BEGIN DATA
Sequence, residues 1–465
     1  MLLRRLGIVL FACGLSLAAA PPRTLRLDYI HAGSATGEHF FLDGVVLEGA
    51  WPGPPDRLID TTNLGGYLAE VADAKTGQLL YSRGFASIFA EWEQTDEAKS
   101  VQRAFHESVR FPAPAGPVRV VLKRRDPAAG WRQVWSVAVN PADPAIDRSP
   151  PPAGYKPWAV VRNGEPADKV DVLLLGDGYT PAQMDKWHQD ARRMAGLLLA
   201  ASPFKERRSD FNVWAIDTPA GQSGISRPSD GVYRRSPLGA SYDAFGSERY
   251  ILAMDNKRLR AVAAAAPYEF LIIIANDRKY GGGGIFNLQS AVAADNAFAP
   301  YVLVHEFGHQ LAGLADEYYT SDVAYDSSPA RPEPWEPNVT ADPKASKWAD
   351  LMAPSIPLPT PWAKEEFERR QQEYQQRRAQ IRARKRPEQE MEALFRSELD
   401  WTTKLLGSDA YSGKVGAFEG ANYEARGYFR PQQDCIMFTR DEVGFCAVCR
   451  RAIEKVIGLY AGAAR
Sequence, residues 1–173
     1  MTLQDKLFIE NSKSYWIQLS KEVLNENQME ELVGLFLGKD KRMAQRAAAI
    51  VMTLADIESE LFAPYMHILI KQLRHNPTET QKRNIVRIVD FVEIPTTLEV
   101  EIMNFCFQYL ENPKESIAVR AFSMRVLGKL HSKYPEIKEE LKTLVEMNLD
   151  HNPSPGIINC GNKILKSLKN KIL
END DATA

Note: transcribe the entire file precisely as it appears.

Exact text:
Sequence, residues 1–465
     1  MLLRRLGIVL FACGLSLAAA PPRTLRLDYI HAGSATGEHF FLDGVVLEGA
    51  WPGPPDRLID TTNLGGYLAE VADAKTGQLL YSRGFASIFA EWEQTDEAKS
   101  VQRAFHESVR FPAPAGPVRV VLKRRDPAAG WRQVWSVAVN PADPAIDRSP
   151  PPAGYKPWAV VRNGEPADKV DVLLLGDGYT PAQMDKWHQD ARRMAGLLLA
   201  ASPFKERRSD FNVWAIDTPA GQSGISRPSD GVYRRSPLGA SYDAFGSERY
   251  ILAMDNKRLR AVAAAAPYEF LIIIANDRKY GGGGIFNLQS AVAADNAFAP
   301  YVLVHEFGHQ LAGLADEYYT SDVAYDSSPA RPEPWEPNVT ADPKASKWAD
   351  LMAPSIPLPT PWAKEEFERR QQEYQQRRAQ IRARKRPEQE MEALFRSELD
   401  WTTKLLGSDA YSGKVGAFEG ANYEARGYFR PQQDCIMFTR DEVGFCAVCR
   451  RAIEKVIGLY AGAAR
Sequence, residues 1–173
     1  MTLQDKLFIE NSKSYWIQLS KEVLNENQME ELVGLFLGKD KRMAQRAAAI
    51  VMTLADIESE LFAPYMHILI KQLRHNPTET QKRNIVRIVD FVEIPTTLEV
   101  EIMNFCFQYL ENPKESIAVR AFSMRVLGKL HSKYPEIKEE LKTLVEMNLD
   151  HNPSPGIINC GNKILKSLKN KIL